The Pause that Distresses


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“Women have been scared out of their gourds for no damn good reason. The real tragedy is that thousands of menopausal women are going undertreated because they’re worried about that slight increased risk [of cancer].”

For women who live long enough, menopause—the retirement of our reproductive cycle, signalled by the end of monthly menstruation (occuring naturally or as the result of medical intervention)—is as inevitable as death or taxes. The average age for natural menopause has stayed fairly stable over the last few centuries at 51 years, but as we know, the number of us “living long enough” has risen markedly in the same time period. Nowadays, most women can expect to live at least one-third of their lives post-menopause. How happy and healthy those years are depends greatly on how robustly we greet “the change.”

On the one hand, menopause is a liberating time in a woman’s life: No more running to the pharmacy to stock up on tampons and menstrual pads, no more cramps or PMS or “accidents,” no more worries about getting pregnant. But it brings a whole new set of challenges, largely because our ovaries stop producing the hormones estradiol (a form of estrogen) and progesterone, sending their levels into free fall and playing havoc with bodily functions from the skin to the brain. Resulting problems can include hot flashes, insomnia, memory lapses, mood swings and depression, bone loss, heart palpitations (and elevated risk of heart disease), lowered sex drive, achy joints, dry eyes, incontinence/constipation and, according to a recent survey conducted by the online menopause compendium, even gout.

Up until about 40 years ago, menopause was seldom discussed and even less understood, says Mary Jane Minkin, M.D., author, practitioner and clinical professor of Obstetrics, Gynecology and Reproductive Services at the Yale University School of Medicine. “There’s a theory about 19th-century British literature I’d like to explore in my retirement,” she says, tongue just a bit in cheek, “concerning all those stories about kooky ladies in attics. My guess is that Rochester’s wife in Jane Eyre was menopausal when she burned the house down.”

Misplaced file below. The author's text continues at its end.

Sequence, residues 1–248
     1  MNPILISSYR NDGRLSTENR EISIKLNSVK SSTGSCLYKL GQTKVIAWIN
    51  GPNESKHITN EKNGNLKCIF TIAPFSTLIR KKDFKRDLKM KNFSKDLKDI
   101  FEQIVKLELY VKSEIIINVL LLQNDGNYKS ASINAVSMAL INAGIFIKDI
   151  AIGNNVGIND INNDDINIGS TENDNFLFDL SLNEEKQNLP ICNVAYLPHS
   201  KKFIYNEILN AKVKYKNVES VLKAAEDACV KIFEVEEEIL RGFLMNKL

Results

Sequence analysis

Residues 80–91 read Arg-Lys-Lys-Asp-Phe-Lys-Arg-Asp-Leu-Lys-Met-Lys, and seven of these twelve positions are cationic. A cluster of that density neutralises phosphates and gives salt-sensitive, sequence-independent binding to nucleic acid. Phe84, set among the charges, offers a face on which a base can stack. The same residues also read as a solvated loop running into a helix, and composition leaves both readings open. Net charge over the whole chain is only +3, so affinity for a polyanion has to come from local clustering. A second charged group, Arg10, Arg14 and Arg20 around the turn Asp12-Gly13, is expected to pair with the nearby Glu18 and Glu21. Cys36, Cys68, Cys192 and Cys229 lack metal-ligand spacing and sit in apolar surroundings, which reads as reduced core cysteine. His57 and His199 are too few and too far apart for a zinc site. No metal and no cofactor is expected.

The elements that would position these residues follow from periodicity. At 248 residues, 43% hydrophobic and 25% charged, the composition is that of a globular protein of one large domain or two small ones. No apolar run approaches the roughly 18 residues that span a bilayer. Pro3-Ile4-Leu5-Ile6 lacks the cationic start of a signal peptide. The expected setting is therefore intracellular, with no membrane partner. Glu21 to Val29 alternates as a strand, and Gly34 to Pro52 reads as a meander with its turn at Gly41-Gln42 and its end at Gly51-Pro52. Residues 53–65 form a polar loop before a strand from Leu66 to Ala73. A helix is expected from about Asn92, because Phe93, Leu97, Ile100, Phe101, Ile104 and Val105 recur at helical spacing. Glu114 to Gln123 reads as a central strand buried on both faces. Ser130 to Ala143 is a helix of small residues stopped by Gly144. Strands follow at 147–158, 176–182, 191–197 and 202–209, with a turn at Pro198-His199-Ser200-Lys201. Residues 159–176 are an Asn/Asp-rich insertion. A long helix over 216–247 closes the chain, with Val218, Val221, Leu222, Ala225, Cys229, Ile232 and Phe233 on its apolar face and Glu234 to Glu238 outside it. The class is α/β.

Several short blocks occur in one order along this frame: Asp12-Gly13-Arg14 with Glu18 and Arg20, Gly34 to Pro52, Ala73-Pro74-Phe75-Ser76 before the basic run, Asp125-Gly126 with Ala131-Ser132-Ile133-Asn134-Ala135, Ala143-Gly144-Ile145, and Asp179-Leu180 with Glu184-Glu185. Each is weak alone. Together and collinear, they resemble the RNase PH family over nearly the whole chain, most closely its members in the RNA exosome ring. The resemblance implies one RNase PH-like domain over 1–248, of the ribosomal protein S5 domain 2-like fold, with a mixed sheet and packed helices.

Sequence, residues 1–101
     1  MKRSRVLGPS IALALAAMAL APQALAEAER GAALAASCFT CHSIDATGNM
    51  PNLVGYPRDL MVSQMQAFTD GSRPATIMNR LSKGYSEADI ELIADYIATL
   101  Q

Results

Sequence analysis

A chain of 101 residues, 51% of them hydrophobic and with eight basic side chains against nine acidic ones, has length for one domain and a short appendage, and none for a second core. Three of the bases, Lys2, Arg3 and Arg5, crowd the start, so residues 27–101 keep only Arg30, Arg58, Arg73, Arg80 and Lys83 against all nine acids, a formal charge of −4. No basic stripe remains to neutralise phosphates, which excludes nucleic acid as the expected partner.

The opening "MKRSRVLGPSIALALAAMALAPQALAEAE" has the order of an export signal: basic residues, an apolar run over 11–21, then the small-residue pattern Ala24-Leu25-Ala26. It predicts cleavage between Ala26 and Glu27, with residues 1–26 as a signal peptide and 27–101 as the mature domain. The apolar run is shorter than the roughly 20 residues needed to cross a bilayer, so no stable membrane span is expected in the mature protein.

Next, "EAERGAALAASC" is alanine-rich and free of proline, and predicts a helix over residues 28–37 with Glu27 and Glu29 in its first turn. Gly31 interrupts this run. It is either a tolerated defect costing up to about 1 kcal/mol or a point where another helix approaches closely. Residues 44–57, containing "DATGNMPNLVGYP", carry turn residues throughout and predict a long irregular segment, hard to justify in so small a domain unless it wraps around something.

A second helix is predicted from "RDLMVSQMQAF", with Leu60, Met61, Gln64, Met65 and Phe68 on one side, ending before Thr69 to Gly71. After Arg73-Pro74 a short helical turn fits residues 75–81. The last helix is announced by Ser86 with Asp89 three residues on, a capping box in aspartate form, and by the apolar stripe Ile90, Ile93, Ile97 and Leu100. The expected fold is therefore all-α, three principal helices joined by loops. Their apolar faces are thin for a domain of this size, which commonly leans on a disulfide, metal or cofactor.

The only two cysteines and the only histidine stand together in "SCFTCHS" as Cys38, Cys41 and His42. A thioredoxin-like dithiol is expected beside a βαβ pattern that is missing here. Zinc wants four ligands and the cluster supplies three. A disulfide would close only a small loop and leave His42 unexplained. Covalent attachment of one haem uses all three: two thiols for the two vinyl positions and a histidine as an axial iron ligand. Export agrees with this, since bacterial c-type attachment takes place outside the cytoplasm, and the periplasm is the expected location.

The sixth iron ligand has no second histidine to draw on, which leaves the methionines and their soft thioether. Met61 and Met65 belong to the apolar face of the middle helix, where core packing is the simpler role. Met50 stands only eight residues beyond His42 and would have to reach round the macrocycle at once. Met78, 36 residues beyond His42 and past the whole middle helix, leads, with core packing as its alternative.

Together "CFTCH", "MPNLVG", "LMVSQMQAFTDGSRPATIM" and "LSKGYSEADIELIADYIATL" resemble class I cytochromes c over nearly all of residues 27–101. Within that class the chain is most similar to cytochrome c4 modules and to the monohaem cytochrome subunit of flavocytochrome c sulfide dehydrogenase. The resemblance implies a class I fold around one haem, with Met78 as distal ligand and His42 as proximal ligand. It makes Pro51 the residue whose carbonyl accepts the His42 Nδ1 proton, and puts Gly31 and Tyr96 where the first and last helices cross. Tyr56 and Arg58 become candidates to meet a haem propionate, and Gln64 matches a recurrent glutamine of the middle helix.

She credits Phil Donahue’s afternoon talk show—which devoted full hours to the subject back in the 1970s—with being among the first public forums to showcase serious discussion about menopause, even though at the time everyone believed “the change” to be an overnight phenomenon. “You know, you go to bed one night pre-menopausal and wake up the next morning post-menopausal,” says Minkin. “It’s only in the last 30 years that the concept of perimenopause has emerged.” Typically, a woman will go through menopause sometime between the ages of 40 to 55 (though menopause before 45 is considered premature, one percent of all women experience it at 40) but many women struggle with the symptoms of menopause for up to 10 years prior to the total stoppage of their menstrual cycles. Problems like hot flashes and mood swings can be especially intense during perimenopause. “So, for these women the transition is tougher than getting to the other side,” Minkin says.

The Pause that Distresses

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